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re: Git blame should be called git credit VIEW POST

FULL DISCUSSION
 

At this point, I am still not even sure if positive is always better than negative.

Please don't be late at the restaurant tonight.

IMO, negative prompts for urgent action. (can also mean "undoing") Positive means assurance (and possibly do nothing / leave it to others).

66% chances it will save you, 33% chances you will be saved.

Active voice is always better than passive, at least in my English grammar book. 7 habits probably would say the same.

 

I guess the positive/negative language impact will be different for each person. I think for me, when the person uses negative language, I will assume he expects me to do something wrong, thus questioning my integrity/seriousness/punctuality...

But, yeah, to each their own 😊

 

That's you being negative here, not the person asking you not to be late.

"Don't be late" "I won't". That's affirmative and strong, and if you fuck it up, you really do because the outcome is negative for the other, and the only responsible person is you.

"Be on time" 'I will". If you're not on time then what, "oh, I was not on time" (aka, I wasn't late, I was just not on time). See the difference?

Take responsibility for your actions and stop blaming (pun intended) the person who used an innocent sentence to point something out.

If you take everything personally then you probably need to work on yourself instead of trying to change the world so it revolves better around you (hint: it's not going to happen)

I'm not sure why we shifted the topic to responsibility. Obviously, whatever language we use, the responsibility to do a task still falls on the person who actually does the task. I didn't claim that positive or negative language changes any of that. If I'm late, doesn't matter if someone said pretty please or yelled at me, it's still my fault.

I'm only talking about the difference in how we perceive such differences in languages. I like positive language better. I might assume some things based on the language. But it goes so much deeper than that. How well do I know the person? What was the tone? The context?

I didn't say you claimed that, but it's interesting to see you assumed someone did.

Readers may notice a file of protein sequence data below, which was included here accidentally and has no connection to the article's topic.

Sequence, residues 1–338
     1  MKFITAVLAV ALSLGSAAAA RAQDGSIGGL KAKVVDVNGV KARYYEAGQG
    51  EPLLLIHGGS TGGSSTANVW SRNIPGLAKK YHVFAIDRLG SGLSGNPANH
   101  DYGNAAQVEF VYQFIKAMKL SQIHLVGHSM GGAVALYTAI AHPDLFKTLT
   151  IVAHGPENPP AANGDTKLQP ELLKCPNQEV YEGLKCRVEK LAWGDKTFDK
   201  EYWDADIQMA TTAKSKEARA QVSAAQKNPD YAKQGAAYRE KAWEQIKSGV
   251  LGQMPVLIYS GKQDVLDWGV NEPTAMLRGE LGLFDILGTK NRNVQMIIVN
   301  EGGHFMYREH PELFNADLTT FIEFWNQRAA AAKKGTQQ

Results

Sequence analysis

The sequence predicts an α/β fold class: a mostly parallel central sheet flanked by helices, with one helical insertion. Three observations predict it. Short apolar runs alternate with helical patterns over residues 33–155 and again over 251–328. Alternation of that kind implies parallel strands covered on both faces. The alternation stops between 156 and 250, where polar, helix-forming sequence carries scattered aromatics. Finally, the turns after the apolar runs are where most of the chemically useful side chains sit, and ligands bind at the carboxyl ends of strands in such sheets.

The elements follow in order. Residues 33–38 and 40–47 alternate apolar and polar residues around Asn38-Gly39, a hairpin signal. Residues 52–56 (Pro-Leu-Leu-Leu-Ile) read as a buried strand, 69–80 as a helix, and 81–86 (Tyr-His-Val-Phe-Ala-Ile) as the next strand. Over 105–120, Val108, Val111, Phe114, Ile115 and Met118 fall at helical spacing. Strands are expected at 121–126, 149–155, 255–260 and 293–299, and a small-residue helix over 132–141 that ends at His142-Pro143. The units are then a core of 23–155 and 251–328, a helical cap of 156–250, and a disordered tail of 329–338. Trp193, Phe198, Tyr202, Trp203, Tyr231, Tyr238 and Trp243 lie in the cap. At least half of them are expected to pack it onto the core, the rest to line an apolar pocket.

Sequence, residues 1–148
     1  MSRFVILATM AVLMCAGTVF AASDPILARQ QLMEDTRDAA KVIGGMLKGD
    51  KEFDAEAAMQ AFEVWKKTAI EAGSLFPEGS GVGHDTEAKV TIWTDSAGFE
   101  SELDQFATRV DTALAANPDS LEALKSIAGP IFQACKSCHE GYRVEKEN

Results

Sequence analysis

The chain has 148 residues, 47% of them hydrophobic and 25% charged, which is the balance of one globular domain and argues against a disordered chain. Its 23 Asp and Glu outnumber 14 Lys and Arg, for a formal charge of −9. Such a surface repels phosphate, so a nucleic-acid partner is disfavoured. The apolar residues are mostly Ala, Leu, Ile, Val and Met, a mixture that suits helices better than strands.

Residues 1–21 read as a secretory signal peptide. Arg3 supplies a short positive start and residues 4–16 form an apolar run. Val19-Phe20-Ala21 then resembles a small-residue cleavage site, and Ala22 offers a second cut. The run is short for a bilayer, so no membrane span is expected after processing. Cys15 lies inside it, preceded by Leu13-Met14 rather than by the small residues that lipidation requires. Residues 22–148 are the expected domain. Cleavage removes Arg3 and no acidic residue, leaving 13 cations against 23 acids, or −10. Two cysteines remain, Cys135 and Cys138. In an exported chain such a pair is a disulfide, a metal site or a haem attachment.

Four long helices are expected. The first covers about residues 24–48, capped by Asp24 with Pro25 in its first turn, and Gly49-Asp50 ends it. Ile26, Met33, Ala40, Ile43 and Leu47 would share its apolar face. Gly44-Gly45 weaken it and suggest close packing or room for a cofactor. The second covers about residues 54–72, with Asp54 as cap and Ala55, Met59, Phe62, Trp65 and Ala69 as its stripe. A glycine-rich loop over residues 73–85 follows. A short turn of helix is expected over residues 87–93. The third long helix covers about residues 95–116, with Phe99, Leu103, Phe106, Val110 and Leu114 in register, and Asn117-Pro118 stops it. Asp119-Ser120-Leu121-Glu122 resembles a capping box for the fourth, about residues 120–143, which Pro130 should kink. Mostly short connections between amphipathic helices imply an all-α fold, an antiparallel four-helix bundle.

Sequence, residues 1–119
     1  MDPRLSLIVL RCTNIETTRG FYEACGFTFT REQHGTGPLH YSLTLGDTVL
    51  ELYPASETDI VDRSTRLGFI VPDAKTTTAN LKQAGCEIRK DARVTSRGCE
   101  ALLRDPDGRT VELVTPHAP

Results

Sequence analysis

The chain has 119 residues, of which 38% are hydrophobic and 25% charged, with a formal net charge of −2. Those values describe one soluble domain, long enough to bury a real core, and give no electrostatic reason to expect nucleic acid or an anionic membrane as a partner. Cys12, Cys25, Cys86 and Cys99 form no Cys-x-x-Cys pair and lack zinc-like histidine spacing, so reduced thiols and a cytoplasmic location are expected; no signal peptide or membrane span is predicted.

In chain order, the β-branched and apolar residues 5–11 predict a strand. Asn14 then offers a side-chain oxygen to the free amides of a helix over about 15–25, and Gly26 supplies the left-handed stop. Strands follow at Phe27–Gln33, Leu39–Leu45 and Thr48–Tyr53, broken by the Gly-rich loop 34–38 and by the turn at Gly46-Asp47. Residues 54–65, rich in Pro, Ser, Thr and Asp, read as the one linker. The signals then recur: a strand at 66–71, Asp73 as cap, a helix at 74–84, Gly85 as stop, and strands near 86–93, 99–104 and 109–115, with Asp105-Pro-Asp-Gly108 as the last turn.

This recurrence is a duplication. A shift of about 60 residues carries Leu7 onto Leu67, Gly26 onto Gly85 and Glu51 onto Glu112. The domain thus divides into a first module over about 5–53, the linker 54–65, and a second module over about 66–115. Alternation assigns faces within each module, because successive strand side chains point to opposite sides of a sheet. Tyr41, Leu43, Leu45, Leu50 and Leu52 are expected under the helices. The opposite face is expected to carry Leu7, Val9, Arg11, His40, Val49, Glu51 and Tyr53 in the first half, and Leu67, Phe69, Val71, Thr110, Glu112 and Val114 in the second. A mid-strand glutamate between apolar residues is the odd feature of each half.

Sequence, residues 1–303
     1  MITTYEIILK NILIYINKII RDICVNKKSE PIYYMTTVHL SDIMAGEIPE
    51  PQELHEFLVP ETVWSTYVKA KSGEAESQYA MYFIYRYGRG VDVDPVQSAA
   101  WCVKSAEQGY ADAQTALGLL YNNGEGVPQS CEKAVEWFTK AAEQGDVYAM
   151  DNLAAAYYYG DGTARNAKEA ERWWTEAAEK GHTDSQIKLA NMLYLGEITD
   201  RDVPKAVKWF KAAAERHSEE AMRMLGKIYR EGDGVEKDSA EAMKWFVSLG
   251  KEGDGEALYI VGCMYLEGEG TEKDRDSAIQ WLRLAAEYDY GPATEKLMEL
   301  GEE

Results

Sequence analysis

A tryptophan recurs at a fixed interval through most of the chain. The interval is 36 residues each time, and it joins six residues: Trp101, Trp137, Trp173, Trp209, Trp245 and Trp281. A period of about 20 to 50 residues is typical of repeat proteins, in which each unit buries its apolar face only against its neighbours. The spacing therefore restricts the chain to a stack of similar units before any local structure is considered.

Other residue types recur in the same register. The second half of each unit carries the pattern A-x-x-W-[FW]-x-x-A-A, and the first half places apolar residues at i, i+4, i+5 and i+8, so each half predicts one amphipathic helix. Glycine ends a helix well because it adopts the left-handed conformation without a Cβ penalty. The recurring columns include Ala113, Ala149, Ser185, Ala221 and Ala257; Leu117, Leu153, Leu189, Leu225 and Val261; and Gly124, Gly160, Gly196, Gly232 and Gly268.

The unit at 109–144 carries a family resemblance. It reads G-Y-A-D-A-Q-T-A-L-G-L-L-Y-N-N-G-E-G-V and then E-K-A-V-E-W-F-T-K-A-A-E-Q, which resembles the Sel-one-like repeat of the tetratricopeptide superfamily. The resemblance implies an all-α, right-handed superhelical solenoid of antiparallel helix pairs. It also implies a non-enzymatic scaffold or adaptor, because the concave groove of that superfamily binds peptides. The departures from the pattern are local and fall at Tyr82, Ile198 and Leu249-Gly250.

You cite the framing effect. There's also an example showing negative language works better:

"93% of PhD students registered early when a penalty fee for late registration was emphasized, with only 67% doing so when this was presented as a discount for earlier registration."

So, if I really want someone to be on time, I'll ask that person not to be late. It has to do with the context, but not how well you know the person (btw if you know the person you probably don't need to remind him/her that).

What I mean here is, it's not a one size fits all approach and I disagree when you say positive language is always better.

In the case of git, I couldn't care less to be honest.

The original naming probably came from the fact that, 99% of the time, you run that command to find out who broke your code, and, back the context question, it's probably fine to blame well known co-workers if they broke it. Comme on dit: "Qui aime bien chatie bien" ;-)

Here's another one: imagine stand up comedians dropping sarcasms because "positive language is better". Good luck getting entertained.

At the opposite end of the spectrum, I totally agree "be nice" will be better perceived than "don't be an asshole" but the negative form is way unbalanced here. "be nice" vs "don't be silly" makes little different to me.

There's a current trend of making everything sterile and politically correct. Positive only exists because negative does. If you delete negative, you get rid of positive too.

All I know is there are more important battles to fight for.

I'm not picking a battle here to be honest. I'm just talking about this particular word and having a discussion about it^^ As people mentioned in the comment, curious or annotate and neutral words that I quite enjoy in this context.

I'm not advocating we change every single word in our vocabulary. Especially when it's not my native language. I just think that this case was interesting and I thought a different one was more appropriate. It's not politically correct, I don't feel offended to type blame in my terminal. It's just an interesting conversation ;)

I was aware of the fear of punishment making people behave differently. There is also another one involving a nursery.

  • The nursery closed at 5PM.
  • Parents would then pick up their kids around 5PM, some would be late as it sometimes happens.
  • Researchers then added a penalty system. Parents would get a fine if they were late.
  • Now, parents picked up their kids later than before because they thought they could buy more time now. 15 minutes for 5 dollars for example could be seen as ok for most parents. Before, it was just a matter of not making the nursery staff way too long.

These are fascinating examples anyway. How positive/negative language and reward/punishment affects our behaviors. In this case though, it's not important, but it's always interesting to see the language we choose to use, and why 😄

From a historical perspective, git originally came from Linus Torvalds - I don't know if he's responsible for the blame command, but I am 100% sure that if he is, it was so that he knew who to yell at for screwing up the Linux kernel ;)

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